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Obama Immigration Legacy

January 19, 2017

Obama Immigration Legacy

Author: New York Immigration attorney Alena Shautsova

 

While everyone is talking about President-elect possible Immigration policy, I would like to recap on what President Obama did. Even though he was not successful on his promise of comprehensive Immigration reform, his administration did promulgate several executive and administrative actions that liberalized Immigration regulations of 1996, and  helped thousands to achieve their dream of living in America.

  1. DACA or Deferred Action for Childhood Arrivals

 

Implemented in 2012. It was created to help young undocumented residents to stay in the US and work legally. Many could receive an advance parole document that allowed them to travel and get back to the US to cure the entrance without inspection. Currently, still in effect. In 2014, DACA was to be expanded, but the opposition forces sued the government and the new plan together with proposed DAPA are still frozen.

 

  1. I 601A waiver and its expansion

 

I -601A Provisional waiver was implemented in 2013 and allowed those who entered the US without inspection or, let’s say using C1/D or K visas, to receive immigrant visas overseas and return back. The waiver “waived” the unlawful presence bar, and the best part about it: it is possible to file for it and wait for the result of the filing in the United States.

 

  1. New Rules about Work Visas

 

Under the President Obama administration, holders of the work visas and future holders, received good news: automatic extensions of employment authorization in case of re-filing; H4 employment authorizations under certain conditions; 2-year EAD cards for asylum seekers, improved portability rules for employment based immigrants.

 

  1. Parole program for entrepreneurs

 

A very new change: just came into effect parole for business people who will improve and contribute into the US economy. The program designed for start-ups and covers spouses and children of the qualified entrepreneurs.

 

  1. Clarification and expansion of military parole in place program

Parole in place policy was explained and expanded: immediate relatives of military and ex-military members received an opportunity to be “paroled” or allowed to “enter” the US legally without actually leaving the US.

 

  1. And of course, we cannot forget expansion of Federal Immigration benefits for the same-sex couples: one of the biggest and most fought for benefit.
  2. Parole for children of from certain South American countries whose parents are in the US legally; Parole for members of the families of Pilipino World War II veterans.

 

It is quite regretful that during its last days, the Obama administration decided to abolish Cuban parole (wet foot/dry foot) policy. Nevertheless, if to focus on positives, one should admit that in addition to new liberalized regulations, the function of the DHS became more transparent within the past 8 years. I hope that the incoming President will focus on finding reasonable solutions, rather than unreasonable conclusions.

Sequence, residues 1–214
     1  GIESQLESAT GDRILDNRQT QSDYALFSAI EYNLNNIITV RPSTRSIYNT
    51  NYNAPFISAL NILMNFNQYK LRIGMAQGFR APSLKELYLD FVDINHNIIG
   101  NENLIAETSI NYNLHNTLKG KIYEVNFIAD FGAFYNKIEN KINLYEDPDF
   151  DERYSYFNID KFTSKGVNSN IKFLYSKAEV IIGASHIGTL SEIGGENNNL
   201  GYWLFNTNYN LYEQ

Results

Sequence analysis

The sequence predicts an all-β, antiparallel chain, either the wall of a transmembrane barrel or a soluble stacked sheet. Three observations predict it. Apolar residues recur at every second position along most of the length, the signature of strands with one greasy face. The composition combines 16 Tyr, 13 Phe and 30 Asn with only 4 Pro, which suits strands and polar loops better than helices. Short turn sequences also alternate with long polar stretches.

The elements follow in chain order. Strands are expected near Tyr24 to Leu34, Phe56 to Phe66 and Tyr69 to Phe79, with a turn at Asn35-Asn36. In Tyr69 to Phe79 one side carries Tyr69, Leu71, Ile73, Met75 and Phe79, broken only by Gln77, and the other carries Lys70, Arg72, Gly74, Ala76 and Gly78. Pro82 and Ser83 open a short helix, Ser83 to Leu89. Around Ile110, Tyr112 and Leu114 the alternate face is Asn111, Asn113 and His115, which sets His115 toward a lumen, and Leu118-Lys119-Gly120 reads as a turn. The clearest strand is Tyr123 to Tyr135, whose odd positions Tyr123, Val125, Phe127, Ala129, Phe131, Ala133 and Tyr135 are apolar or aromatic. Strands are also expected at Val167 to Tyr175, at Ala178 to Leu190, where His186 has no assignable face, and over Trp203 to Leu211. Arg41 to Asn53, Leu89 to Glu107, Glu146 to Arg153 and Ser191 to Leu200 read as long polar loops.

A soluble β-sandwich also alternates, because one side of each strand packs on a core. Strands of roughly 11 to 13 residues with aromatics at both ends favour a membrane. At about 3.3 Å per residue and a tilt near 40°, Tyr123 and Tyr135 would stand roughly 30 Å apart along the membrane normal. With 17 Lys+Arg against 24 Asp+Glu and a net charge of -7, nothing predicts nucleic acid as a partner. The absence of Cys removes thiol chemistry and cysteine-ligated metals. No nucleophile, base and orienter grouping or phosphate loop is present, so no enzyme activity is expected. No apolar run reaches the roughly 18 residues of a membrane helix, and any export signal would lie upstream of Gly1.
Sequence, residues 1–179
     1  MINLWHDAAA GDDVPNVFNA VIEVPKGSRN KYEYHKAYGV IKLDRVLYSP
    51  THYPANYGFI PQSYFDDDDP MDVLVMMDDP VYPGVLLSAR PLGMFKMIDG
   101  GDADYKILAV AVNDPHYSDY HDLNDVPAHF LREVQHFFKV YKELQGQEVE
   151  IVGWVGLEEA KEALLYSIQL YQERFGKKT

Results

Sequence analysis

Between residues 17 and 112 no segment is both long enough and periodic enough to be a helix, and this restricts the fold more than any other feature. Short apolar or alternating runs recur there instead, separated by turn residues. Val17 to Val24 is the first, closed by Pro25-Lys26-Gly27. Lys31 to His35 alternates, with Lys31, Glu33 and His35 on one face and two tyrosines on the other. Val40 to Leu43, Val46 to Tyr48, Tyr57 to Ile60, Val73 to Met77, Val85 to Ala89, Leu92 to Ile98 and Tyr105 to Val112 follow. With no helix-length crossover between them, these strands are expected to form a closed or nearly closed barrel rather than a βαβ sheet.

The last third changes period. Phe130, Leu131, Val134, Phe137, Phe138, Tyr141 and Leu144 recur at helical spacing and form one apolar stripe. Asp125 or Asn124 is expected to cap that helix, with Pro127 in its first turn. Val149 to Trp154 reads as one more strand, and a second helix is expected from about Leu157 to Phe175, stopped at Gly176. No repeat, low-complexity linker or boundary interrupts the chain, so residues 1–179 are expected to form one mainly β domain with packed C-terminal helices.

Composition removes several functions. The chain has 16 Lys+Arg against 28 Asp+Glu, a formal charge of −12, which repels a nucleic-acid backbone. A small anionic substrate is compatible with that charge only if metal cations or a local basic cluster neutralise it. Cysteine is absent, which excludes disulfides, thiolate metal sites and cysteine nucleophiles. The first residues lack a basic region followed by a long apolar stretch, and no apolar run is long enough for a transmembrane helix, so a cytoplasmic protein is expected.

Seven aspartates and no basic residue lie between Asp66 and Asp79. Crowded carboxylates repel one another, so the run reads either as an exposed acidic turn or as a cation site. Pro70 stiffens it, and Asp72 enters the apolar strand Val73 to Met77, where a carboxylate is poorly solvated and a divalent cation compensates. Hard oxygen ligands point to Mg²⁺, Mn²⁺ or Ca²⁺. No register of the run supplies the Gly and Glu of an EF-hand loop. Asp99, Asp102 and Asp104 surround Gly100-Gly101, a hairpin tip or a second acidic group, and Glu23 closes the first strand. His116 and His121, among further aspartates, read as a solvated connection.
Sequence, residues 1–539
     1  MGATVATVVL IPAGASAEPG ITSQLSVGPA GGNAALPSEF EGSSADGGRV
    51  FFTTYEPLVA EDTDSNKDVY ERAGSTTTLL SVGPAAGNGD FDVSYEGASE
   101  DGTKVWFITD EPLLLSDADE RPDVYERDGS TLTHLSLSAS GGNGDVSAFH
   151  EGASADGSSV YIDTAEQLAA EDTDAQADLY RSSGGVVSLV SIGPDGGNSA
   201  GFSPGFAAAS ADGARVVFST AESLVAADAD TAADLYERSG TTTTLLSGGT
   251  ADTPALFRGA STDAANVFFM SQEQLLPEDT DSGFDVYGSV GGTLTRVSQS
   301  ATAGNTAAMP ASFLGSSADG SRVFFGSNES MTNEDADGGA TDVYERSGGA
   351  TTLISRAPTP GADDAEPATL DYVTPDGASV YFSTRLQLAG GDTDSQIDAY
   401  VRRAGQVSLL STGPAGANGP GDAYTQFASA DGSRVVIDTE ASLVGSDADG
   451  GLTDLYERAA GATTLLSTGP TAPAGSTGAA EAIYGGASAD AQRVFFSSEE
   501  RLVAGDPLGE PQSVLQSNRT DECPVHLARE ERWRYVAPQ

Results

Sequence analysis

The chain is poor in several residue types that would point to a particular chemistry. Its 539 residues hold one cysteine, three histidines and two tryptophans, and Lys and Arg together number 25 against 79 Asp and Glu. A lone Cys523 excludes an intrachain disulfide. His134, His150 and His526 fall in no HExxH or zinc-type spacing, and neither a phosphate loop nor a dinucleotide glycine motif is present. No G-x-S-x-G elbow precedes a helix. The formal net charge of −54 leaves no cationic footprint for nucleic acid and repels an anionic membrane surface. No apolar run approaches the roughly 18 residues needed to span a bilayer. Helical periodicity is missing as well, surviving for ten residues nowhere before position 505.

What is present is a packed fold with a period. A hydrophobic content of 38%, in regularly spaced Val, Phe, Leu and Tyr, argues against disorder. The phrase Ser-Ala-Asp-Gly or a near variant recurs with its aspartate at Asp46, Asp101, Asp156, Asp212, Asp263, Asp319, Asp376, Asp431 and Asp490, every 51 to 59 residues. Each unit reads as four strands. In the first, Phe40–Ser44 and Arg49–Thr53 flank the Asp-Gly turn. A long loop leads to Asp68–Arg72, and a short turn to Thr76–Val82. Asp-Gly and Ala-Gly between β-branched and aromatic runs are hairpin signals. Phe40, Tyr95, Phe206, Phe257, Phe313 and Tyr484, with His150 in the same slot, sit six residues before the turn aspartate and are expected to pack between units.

New Standard for National Interest Waiver (NIW green card)

January 5, 2017

New Standard for National Interest Waiver (NIW green card)

Author: Employment Immigration Attorney Alena Shautsova

National interest waiver is an immigration tool that allows certain qualified individuals to sponsor themselves for a US green card without the need for an employer sponsorship and without labor certification. Subparagraph (A) of section 203(b)(2) of the Act makes immigrant visas available to “qualified immigrants who are members of the professions holding advanced degrees or their equivalent or who because of their exceptional ability in the sciences, arts, or business, will substantially benefit prospectively the national economy, cultural or educational interests, or welfare of the United States.” Under subparagraph (A), immigrant visas are available to such individuals only if their “services in the sciences, arts, professions, or business are sought by an employer in the United States.” Under subparagraph (B) of section 203(b)(2), however, the Secretary of Homeland Security may waive the requirement of a “job offer” (namely, that the beneficiary’s services are sought by a U.S. employer) and, under the applicable regulations, of “a labor certification.” 8 C.F.R. § 204.5(k)(4)(ii).

In short, national interests waiver is just that: it is a confirmation issued by USCIS that an applicant’s  qualifications and proposed work in the US will be in the US’ interests. Over the years, the authorities developed “standards” on how to consider the applications in order to determine if a person meets the requirements. See section 203(b)(2)(B)(i) of the Immigration and Nationality Act, 8 U.S.C. § 1153(b)(2)(B)(i) (2012). Until recently, the leading case  on point was Matter of New York State Dep’t of Transp. (“NYSDOT”), 22 I&N Dec. 215 (Acting Assoc. Comm’r 1998).  The NYSDOT framework looks first to see if a petitioner has shown that the area of employment is of “substantial intrinsic merit.” Id. at 217. Next, a petitioner must establish that any proposed benefit from the individual’s endeavors will be “national in scope.” Id. Finally, the petitioner must demonstrate that the national interest would be adversely affected if a labor certification were required for the foreign national. Id.